Climate Corner: Transition to cleaner energy offers opportunities
Feb 3, 2024 News and Sentinel
Hydrogen, the simplest and most abundant element on earth, could be a key piece in the puzzle of energy solutions needed to avoid the most extreme impacts from climate change. There are multiple ways to produce hydrogen power, including nuclear, fossil fuels and renewable energy sources. Hydrogen is lightweight and could help us de-carbonize industries that emit high levels of greenhouse gases, such as freight hauling and cement manufacturing. In some countries like China, Japan and Germany, there are a significant number of hydrogen fueling stations for vehicles.
In October, the Biden-Harris administration announced the seven regional hydrogen “hubs” selected to receive $7 billion in federal funds from the Bipartisan Infrastructure Law. “Hubs” refers to the network of infrastructure needed to produce and connect the many different facilities involved in getting hydrogen fuel to consumers. Currently, most of the hydrogen in the United States is produced using fracked gas that is captured during underground drilling. Methane (CH4), a potent greenhouse gas, is a key component of fracked gas, which can be reformed to produce hydrogen energy.
In 2021, the U.S. Department of Energy created the Office of Clean Energy Demonstrations (OCED). This office was established to help scale up projects using emerging technology that could help equitably transition the U.S. to a low-carbon economy. Late last year, OCED announced their pledge of up to $925 million dollars to support private investment in the proposed Appalachian Regional Clean Hydrogen Hub (ARCH2). Most of the 15 facilities proposed to be part of ARCH2 are located in West Virginia, with connections to facilities in parts of eastern Ohio and southwestern Pennsylvania. ARCH2 is the only proposed hydrogen hub that would produce hydrogen energy solely from fracked gas.
When we consider the future of our economies and communities, we must think holistically. We have an incredible opportunity to invest in overall well being as we make decisions about how we will respond to the urgent need to de-carbonize. Well being is multi-faceted and includes access to good paying jobs, affordable housing, healthcare, and opportunities for recreation and a healthy environment, among other factors.
Each town that is proposed to host ARCH2 infrastructure has unique characteristics including history, geography and culture. These locations also have past experiences with industry that have left significant harms unresolved. Some of the communities impacted by ARCH2 projects lie in cancer clusters caused by chemical plants and coal burning power plants already located nearby. Nothing in ARCH2 plans detail how these harms will be minimized before additional fossil-fuel structure is permitted. We know that fracking causes greenhouse gas pollution. It also creates health harms to communities located near drilling pads and adjacent to waste disposal facilities.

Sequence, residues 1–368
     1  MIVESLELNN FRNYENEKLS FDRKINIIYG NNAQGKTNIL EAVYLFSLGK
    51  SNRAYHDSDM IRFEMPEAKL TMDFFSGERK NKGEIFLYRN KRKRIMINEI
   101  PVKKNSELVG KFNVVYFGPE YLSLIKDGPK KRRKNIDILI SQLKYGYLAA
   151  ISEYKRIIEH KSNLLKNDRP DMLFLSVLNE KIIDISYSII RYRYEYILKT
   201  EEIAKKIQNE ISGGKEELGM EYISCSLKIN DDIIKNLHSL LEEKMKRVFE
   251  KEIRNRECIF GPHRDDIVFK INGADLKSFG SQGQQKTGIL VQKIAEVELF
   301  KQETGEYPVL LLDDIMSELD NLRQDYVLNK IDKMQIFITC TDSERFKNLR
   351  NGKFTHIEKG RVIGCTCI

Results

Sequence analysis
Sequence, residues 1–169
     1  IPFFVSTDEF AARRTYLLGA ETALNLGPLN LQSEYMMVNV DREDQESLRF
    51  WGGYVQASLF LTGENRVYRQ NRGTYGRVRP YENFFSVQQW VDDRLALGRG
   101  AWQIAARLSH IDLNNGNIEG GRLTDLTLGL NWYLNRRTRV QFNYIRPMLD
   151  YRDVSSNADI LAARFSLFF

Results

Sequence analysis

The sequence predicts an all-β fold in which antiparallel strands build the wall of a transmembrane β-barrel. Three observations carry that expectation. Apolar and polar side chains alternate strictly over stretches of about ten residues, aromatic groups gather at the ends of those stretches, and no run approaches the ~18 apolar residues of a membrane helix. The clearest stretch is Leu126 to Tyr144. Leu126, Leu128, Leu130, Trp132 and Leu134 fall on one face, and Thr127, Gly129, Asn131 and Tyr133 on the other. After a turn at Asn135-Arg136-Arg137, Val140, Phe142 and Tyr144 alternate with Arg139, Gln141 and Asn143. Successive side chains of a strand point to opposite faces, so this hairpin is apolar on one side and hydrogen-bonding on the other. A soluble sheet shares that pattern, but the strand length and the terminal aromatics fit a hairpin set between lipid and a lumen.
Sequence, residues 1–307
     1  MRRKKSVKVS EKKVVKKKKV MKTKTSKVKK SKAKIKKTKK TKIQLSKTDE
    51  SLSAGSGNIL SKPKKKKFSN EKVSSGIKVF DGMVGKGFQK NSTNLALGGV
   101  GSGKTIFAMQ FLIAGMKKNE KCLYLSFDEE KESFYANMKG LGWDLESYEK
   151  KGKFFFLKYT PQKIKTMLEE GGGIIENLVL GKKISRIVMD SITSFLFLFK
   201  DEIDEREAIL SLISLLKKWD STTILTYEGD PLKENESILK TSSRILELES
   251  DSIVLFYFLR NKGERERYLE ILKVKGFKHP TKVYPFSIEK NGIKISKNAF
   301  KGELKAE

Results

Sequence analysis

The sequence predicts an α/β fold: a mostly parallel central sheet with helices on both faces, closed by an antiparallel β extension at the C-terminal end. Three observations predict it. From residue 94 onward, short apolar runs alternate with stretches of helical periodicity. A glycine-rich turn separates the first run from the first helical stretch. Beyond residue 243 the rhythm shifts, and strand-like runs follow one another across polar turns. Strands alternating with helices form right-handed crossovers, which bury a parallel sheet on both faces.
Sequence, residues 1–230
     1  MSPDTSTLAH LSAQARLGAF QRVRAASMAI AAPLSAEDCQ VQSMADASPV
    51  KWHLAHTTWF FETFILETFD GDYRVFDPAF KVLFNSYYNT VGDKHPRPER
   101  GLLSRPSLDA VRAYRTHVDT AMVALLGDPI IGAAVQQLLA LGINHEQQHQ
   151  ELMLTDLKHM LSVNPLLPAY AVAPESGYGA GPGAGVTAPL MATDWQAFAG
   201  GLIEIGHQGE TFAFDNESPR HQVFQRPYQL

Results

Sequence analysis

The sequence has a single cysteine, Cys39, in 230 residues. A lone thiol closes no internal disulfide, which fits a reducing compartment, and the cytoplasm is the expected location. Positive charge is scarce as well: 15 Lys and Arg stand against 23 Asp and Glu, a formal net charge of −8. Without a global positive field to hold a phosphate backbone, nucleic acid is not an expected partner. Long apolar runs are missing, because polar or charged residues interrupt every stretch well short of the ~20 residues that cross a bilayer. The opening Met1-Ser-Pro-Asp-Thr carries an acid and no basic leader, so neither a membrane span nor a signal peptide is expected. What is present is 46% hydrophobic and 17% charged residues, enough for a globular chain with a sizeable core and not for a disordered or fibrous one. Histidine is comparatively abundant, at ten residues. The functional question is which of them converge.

OCED has committed to environmental justice and a robust community engagement process, ensuring that these unprecedented federal investments are for the benefit of everyone. Toward this goal, OCED has said a Community Advisory Committee will be established to guide the development of Community Benefits Agreements (CBAs). CBAs are legally binding agreements that provide communities with a tool for holding industry accountable. Benefits can include a commitment to providing job training and prioritizing local workers in employment contracts. Benefits Agreements can also detail how decisions that impact the community will be made, such as provisions for how a Community Advisory Committee operates, what decision making power it has and who is selected to participate. While this foresight from OCED can be applauded, it must be equitably implemented.
Hydrogen energy has the potential to help reach the goal of limiting global warming to 1.5C but working to simply stop the worst case scenarios is not enough. OCED has the opportunity to step forward as a leader in the energy transition by leaning into the wealth of strength and skills that exists in all of our communities. To achieve long term well being, and meet federally mandated environmental justice priorities, we must be intentional and hold our leaders accountable to a truly just transition utilizing less harmful energy sources.
Heather Sprouse is the Ohio River Coordinator with the West Virginia Rivers Coalition. She supports communities engaging with the environmental permitting process and advocating for their clean water priorities. She can be reached at email@example.com.